Earlier this year I dropped out of university after a period of illness and found myself in this new era of 'near full employment' working in the private service sector.
I am a care worker and have worked in numerous institutions over the past few years.
So called care homes take in the elderly and long term ill when the council cannot afford to pay for care in their own homes.
Most of the care workers in these places work very long hours for very little money. My last job, in a home for the elderly in Glasgow, paid me £4.50 an hour.
The standard shift is four days out of five, doing either an afternoon shift from 2pm to 9pm, or a morning one from 7.30am to 2pm.
The work is best described as manual labour-lifting and moving the residents, dressing them and helping them to the toilet.
A lot are extremely heavy and there are no rules to stop staff lifting manually.
You are constantly on your feet, responding to the almost constant ringing of buzzers. It's like a factory assembly line. Get them dressed, breakfast, etc.
The residents have very little stimulus and they are subjected to a ruthlessly institutional routine.
The staff are overworked and underpaid. We would do overtime of a 'full day' right from 7.30am to 9pm-this overtime paid at £1 extra an hour. After working a full day I would be completely physically and mentally exhausted.
Such knackering hours bred resentment in the staff towards the residents and each other- an unnecessary burden.
Everybody ends up bitter and dehumanised in what is supposed to be a caring environment. The longer people work there, the worse they get.
I met a woman who had worked there for ten years. She hated the residents and saw them as an unnecessary burden.
Behind all this, the private company Westminster Healthcare bullies people into taking overtime so they can deal with chronic staff shortages. Four people started work with me and within a month all had left.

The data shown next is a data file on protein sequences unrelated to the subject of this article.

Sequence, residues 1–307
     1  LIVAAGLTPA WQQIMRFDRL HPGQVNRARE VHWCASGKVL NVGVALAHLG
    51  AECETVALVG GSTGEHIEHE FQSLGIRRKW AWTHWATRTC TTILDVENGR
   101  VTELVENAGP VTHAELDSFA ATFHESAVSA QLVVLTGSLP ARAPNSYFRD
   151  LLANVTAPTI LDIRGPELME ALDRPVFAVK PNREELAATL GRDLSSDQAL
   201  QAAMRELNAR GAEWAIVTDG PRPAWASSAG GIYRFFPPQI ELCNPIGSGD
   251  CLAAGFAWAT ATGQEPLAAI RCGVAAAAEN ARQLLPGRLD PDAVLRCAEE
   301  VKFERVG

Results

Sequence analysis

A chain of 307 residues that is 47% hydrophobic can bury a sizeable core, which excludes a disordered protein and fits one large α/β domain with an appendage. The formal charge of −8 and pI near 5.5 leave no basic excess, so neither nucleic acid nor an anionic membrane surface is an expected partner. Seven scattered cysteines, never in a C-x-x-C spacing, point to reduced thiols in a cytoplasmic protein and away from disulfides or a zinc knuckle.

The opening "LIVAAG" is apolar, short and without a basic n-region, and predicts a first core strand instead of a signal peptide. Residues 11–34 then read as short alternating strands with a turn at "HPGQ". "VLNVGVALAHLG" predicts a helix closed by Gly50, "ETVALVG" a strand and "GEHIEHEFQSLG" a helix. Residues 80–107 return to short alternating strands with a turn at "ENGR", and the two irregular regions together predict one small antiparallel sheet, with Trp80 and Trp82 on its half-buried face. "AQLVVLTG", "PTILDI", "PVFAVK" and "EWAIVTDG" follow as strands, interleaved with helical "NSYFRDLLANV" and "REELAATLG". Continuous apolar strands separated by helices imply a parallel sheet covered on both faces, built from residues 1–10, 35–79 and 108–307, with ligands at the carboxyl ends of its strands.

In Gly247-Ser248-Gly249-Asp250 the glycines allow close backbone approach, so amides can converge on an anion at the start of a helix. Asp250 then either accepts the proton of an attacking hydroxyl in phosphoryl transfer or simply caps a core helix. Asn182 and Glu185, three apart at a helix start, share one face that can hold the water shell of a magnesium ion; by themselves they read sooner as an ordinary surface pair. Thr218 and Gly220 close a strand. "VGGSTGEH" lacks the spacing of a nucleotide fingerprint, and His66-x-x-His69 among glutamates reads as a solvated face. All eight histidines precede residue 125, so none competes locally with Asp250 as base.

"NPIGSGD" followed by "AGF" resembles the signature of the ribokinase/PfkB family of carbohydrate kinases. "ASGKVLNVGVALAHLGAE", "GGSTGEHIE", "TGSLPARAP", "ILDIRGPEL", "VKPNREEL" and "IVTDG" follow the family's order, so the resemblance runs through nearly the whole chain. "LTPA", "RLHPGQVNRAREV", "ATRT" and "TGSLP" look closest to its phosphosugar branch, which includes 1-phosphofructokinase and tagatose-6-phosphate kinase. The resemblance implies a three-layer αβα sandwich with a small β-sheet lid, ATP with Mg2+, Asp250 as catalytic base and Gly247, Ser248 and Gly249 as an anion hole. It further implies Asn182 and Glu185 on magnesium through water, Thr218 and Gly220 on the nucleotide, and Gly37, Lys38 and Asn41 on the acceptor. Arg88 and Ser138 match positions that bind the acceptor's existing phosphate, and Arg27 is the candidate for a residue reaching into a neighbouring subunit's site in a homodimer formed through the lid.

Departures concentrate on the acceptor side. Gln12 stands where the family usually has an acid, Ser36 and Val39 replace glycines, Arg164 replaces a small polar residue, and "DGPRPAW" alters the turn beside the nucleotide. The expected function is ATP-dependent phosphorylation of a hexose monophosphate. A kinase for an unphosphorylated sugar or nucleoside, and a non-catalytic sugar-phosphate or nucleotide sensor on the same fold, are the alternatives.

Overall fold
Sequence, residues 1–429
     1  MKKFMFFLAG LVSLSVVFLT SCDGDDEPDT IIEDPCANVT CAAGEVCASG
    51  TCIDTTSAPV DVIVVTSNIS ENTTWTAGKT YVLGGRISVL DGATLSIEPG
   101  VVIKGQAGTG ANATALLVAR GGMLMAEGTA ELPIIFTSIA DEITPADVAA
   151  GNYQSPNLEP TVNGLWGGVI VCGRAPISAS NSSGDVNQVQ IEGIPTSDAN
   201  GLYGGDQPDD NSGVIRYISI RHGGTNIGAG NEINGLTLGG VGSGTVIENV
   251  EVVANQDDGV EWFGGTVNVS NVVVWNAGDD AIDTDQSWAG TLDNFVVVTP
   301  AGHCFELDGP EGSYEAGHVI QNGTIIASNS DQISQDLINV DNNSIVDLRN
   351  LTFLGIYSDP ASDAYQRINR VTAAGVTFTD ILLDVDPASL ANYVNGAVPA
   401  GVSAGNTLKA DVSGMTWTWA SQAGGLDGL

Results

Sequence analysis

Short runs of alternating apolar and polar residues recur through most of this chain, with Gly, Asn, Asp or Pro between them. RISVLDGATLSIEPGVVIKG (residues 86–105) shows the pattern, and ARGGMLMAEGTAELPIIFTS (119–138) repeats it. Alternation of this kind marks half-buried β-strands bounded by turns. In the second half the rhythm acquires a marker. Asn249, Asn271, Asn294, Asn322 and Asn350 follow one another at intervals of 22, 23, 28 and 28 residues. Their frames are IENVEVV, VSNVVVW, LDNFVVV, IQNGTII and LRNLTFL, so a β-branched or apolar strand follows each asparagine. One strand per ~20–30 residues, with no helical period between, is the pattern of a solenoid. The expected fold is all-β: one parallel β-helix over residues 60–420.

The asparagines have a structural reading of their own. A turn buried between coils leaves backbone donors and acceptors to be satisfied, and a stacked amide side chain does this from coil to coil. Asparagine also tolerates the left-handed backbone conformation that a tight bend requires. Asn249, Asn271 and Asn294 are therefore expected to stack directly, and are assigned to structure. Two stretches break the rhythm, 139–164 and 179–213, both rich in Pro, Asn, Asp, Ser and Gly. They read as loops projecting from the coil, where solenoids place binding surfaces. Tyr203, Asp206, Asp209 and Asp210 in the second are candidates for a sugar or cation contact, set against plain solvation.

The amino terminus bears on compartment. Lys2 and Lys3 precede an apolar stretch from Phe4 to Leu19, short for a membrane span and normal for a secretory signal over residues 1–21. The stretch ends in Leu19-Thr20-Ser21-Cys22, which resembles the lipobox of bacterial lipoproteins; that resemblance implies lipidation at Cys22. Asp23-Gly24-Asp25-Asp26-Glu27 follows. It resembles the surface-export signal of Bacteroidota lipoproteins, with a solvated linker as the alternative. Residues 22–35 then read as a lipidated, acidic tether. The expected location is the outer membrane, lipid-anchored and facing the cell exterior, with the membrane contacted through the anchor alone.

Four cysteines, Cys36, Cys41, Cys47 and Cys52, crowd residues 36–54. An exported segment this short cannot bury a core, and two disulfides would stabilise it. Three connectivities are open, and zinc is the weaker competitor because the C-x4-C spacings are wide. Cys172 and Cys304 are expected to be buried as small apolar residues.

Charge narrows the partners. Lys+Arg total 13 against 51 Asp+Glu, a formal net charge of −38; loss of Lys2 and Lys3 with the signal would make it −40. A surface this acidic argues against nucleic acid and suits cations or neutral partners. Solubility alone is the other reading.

It is clear the company only wants to make money out of running down the NHS (the majority of residents were NHS referrals).
And it is clear the company has very little interest in creating good working conditions for staff or giving the residents quality of life beyond merely shunting them from the toilet to their bed.
The place was unsurprisingly non-unionised and so the workers were easily pitched against each other.
Resentment runs deep among the staff, making a difficult job even worse because you don't know what's being said behind your back.
The matron was a complete tool.
She was no hands-on person and seemed more occupied with pulling staff up about sheets left hanging or badly presented jobs than anything else.
I was very quick to hate her when I saw her bullying, petty mentality.
All these things became an increasing pressure for me. I quit after ending up doing two full days together.
I have little choice but to find a better job in the same sector because student fees and loans have left me massively in debt.
I'm not the only one. Many people face similar problems when leaving university regardless of whether they have a degree.
The reality of employment is badly paid, thankless service sector jobs-a lot of people my age do not see much other option in regard to work.